Koch Hazard Architects has two staff members serving as adjunct professors in the Interior Design program at South Dakota State University. Stacey is instructing sophomores in an “Interior Design Studio” class, which explores conceptual thinking and placemaking through spatial articulation while emphasizing the elements and principles of design. Jacob is leading the junior class of Interior Design students through, “Design Presentation Strategies.” The course focuses on developing one’s proficiencies as a visual communicator through a variety of digital media.
The faculty features below were originally posted by the SDstate Interior Design group on Facebook in September 2020.
Stacey McMahan, AIA, LEED AP BD+CDirector of Design Operations and Principal at Koch Hazard Architects; NCARB National Council of Architectural Registrations Board Member; OCxP Qualified Commissioning Process Provider.
Instructor McMahan joins us with a Bachelor of Architecture from Kansas State University.
- What drew you to design? A creative focus from youth, lover of nature and a desire to express design in the context of our natural environment.
- What part(s) of industry have you worked in? Architecture and informal landscape.
- What drew you to becoming an educator? The students in the program and a desire to share what I’ve learned.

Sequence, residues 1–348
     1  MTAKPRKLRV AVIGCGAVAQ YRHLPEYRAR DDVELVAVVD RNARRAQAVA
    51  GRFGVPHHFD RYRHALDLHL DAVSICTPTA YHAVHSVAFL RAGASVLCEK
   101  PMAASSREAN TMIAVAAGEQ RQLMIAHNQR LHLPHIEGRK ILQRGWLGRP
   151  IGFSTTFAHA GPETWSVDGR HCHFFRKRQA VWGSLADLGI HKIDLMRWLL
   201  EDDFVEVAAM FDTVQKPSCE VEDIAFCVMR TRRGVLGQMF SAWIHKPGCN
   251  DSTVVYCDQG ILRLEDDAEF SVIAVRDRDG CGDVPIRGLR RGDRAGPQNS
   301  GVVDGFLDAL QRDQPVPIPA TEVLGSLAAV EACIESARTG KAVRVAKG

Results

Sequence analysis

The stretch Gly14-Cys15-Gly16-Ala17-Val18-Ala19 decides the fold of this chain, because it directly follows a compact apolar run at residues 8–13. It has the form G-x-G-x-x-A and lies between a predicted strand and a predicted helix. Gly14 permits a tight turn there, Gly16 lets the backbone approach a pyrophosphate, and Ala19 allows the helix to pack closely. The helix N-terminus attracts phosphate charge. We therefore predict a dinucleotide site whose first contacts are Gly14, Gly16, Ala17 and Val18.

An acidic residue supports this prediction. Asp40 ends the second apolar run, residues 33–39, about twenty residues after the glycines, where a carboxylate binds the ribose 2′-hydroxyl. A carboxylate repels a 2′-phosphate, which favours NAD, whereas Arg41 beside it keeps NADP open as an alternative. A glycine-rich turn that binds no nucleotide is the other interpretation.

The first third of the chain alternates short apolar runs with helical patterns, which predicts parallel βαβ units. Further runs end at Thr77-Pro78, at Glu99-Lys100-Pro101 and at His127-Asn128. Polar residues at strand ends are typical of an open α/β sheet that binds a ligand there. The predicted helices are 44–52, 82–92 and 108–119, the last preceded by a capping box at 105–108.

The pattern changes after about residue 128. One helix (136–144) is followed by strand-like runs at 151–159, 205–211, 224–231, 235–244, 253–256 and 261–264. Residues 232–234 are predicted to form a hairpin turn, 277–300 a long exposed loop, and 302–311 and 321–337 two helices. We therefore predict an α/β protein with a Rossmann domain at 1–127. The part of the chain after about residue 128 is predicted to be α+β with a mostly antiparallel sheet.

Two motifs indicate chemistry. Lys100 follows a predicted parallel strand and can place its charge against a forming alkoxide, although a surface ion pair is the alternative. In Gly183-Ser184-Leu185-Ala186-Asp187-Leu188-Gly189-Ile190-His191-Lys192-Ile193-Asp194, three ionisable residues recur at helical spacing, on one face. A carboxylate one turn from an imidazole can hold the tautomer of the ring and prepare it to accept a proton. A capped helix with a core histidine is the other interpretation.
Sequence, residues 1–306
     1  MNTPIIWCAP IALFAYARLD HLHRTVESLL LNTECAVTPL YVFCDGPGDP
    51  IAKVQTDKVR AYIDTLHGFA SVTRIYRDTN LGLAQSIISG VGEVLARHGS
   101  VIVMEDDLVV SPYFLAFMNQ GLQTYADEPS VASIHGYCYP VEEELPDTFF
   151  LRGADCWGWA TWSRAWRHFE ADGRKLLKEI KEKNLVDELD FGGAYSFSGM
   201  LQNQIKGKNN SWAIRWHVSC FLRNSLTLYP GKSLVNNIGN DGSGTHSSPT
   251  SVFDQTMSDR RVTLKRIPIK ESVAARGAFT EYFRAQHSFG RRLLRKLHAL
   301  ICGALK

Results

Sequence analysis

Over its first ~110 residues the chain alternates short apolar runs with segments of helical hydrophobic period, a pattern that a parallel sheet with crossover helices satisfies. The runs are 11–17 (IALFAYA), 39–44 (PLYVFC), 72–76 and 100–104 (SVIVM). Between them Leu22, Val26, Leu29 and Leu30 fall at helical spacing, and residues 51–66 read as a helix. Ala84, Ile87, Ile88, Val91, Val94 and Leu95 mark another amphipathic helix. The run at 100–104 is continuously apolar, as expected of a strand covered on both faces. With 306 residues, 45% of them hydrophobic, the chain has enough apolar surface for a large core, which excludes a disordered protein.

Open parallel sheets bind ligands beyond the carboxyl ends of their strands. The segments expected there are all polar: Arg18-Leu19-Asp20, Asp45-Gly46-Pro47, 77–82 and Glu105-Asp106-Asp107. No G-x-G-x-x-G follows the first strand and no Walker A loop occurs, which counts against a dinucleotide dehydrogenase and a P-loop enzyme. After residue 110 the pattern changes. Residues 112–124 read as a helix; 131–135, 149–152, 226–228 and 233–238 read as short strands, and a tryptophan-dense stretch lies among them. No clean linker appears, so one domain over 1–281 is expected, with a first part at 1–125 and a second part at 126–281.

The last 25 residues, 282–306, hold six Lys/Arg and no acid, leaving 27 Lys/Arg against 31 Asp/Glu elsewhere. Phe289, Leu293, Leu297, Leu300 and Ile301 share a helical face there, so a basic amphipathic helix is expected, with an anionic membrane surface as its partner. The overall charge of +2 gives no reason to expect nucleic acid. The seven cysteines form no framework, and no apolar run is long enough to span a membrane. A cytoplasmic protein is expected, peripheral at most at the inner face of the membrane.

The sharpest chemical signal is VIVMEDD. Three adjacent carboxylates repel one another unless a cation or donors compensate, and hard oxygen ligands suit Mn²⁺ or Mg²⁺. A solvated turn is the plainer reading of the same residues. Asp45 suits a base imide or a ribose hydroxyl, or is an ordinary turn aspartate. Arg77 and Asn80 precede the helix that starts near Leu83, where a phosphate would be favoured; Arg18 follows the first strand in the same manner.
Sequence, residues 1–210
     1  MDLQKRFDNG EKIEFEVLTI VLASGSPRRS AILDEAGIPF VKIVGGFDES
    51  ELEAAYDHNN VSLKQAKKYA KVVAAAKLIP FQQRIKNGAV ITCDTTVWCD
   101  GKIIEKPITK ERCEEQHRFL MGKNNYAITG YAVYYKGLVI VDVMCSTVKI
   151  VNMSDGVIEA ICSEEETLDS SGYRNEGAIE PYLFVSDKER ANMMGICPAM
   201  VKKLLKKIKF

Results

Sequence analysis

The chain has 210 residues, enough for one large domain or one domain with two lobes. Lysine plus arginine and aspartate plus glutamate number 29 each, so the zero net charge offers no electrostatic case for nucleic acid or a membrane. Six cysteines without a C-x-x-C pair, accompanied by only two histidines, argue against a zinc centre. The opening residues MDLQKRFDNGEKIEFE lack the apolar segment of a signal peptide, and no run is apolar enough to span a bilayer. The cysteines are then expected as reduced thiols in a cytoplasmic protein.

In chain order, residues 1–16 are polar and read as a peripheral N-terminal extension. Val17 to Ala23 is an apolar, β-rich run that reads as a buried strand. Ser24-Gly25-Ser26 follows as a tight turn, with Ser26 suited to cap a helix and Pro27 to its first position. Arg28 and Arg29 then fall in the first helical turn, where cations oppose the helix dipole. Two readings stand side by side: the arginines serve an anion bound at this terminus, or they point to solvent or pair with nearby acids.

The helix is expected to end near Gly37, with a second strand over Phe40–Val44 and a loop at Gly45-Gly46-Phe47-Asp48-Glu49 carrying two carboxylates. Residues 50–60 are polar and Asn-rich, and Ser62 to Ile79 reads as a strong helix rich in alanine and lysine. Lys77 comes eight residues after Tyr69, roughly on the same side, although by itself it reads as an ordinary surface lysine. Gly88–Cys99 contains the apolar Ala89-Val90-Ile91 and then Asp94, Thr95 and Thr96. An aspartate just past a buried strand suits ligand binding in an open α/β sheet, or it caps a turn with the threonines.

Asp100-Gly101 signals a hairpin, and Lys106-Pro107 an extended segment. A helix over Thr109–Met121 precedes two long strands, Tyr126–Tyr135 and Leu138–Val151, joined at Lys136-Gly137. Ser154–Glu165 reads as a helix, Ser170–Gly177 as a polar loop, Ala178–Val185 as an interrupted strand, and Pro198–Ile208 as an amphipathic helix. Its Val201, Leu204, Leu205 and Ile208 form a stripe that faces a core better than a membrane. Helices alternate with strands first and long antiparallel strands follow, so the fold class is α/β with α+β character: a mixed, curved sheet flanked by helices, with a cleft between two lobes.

- What advice would you give to students? If you like what you are studying but are not in love with it, work hard and keep at it, the love will eventually show up!
Jacob Urban, Art Director at Koch Hazard Architects. Instructor Urban joins us as an experienced practitioner with a Bachelor of Science and Master of Architecture from South Dakota State University (whoop, whoop!).
- What drew you to design? I can’t recall a specific moment in which I knew I wanted to be a designer, however in retrospect I think the inherent interrelation between creative expression and objective problem-solving is what appealed to me.
- What part(s) of industry have you worked in? Currently, I’ve yet to work in any design-field apart from Architecture. Despite this, the work I’m involved in allows me to operate in many artistic capacities not immediately associated with architectural practice.
- What drew you to becoming an educator? My interest in education came about as a natural consequence of my purported flair for providing exhaustive feedback. During graduate school, I worked as a teaching assistant for Jessica Garcia Fritz, Assistant Professor of Architecture at SDSU. In this role, I was uniquely responsible for developing the professional writing proficiencies of our students, a task I greatly enjoyed.
- What advice would you give to students? My advice for design students currently engaged in their academic studies, would be to address your coursework as a means of developing your own personal thematics. Your time as a student imparts an unprecedented opportunity to explore your own interests and test the validity of your ideas against the backdrop of your project-deliverables. As counterintuitive as it might initially sound, your primary responsibility as a student should be to your own creative development.